The 2010 winners, for example, could even be among the teams taking part in the qualifying round. That's what happened last year when Estudiantes of Argentina struggled mightily to reach the group phase, only getting past Peru's Sporting Cristal on the away goals rule. But during the course of the competition - in what was otherwise a dreadful year for Argentine clubs - Veron and co found the form that made them champions of the continent , and very nearly of the world.

Estudiantes celebrate winning the 2009 Cope LibertadoresEstudiantes defeated Cruzeiro of Brazil 2-1 in last year's Libertadores final

There is hope, then, for two other Argentine sides in this year's qualifying round. Colon of Santa Fe kick-off the action in a tricky tie against Chile's Univesidad Catolica, while an interesting Newells Old Boys team face Emelec of Ecuador.

Last year's beaten finalists, Cruzeiro of Brazil have to overcome the dreaded altitude to get past Real Potosi of Bolivia and there's an intriguing tie involving Juan Aurich, a little known team from Peru.

From the northern town of Chiclayo, Aurich were one of the first clubs to be included in the country's First Division when it finally decentralised in 1966. Until then, the league was restricted to Lima, the capital, and Callao, the neighbouring port.

In 1969, Aurich became the first provincial side to play in the Libertadores. Since then, though, the Northern Cyclone, as they are known, have blown hot and cold., with spells when they drifted out of professional football.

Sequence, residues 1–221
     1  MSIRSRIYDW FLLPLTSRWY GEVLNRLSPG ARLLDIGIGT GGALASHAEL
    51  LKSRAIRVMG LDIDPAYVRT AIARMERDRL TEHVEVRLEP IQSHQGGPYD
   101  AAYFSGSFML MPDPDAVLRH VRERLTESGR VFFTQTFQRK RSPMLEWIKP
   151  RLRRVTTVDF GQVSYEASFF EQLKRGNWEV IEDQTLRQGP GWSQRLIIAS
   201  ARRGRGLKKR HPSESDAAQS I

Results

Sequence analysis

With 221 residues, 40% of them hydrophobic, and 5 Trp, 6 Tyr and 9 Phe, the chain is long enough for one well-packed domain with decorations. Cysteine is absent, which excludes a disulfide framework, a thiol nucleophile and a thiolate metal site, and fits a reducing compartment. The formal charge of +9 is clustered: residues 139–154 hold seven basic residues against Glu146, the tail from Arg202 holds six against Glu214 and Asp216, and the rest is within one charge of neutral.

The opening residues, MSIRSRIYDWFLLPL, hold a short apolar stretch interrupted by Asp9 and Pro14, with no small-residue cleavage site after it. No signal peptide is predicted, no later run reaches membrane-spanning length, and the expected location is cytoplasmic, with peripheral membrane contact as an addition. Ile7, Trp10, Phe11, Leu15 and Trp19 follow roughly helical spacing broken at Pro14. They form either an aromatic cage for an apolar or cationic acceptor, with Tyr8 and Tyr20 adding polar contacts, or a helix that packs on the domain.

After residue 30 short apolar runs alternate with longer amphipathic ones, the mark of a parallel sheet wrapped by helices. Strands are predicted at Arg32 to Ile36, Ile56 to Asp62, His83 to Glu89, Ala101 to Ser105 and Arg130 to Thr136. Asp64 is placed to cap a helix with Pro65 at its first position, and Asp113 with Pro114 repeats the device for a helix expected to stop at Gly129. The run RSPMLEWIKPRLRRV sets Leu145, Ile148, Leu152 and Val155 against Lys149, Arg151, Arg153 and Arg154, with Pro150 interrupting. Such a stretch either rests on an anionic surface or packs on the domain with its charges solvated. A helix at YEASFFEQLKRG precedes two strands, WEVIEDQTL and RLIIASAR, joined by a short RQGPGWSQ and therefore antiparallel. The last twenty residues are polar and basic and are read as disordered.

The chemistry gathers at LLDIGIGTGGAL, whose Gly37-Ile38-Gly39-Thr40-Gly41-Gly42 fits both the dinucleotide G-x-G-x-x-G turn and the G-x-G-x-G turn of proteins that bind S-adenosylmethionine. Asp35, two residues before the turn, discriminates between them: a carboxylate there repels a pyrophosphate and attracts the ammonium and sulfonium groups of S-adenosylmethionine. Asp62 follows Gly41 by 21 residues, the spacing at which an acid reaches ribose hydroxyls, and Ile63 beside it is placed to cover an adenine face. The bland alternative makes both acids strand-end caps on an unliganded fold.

This is typical of provincial clubs in Peru and helps explain why the title has only ever left Lima/Callao on three occasions, and not since 1989. Now, though, Aurich are making a concerted attempt to establish themselves on a firmer footing.

Their coach has World Cup pedigree - Luis Fernando Suarez, the Colombian who took Ecuador to the last 16 in 2006. And in their squad, back from PSV in Holland, is Reimond Manco, a 19-year-old stocky support striker seen as one of the great hopes of Peruvian football.

Back in Lima, Alianza president Guillermo Alarcon has criticized Aurich as "irresponsible" for over-reaching themselves with financial commitments which are too heavy for the Peruvian market.

The stakes are high, then, when Aurich meet Estudiantes Tecos of Mexico in the Libertadores qualifying round. The Mexicans should be the better prepared side - this week's match is the first competitive game of the year for Aurich, while Estudiantes have been in action this month in the Mexican qualifying tournament.

But Aurich have the first leg advantage of a synthetic pitch in their Elias Aguirre stadium.
and coming out on top over the two legs will lead to at least six paydays for Aurich in the group phase - and they will also be in the same group as Alianza Lima, which after Alarcon's comments will surely set the sparks flying.

Comments on the piece in the space provided. Other questions on South American football to vickerycolumn@hotmail.com, and I'll pick out a couple for next week.

From last week's postbag:

Q) My question is about Arsenal's recent signing Samuel Galindo from Bolivia. He seems the kind of midfielder that Wenger likes: very good technically on the ball, and has an eye for the killer pass from midfield. How do you rate him as a prospect, and how soon do you feel we could see him in England? At 6ft 2ins and only 17, I'd imagine he'll soon "fill out" soon enough to adapt to the physical nature of the Premier League.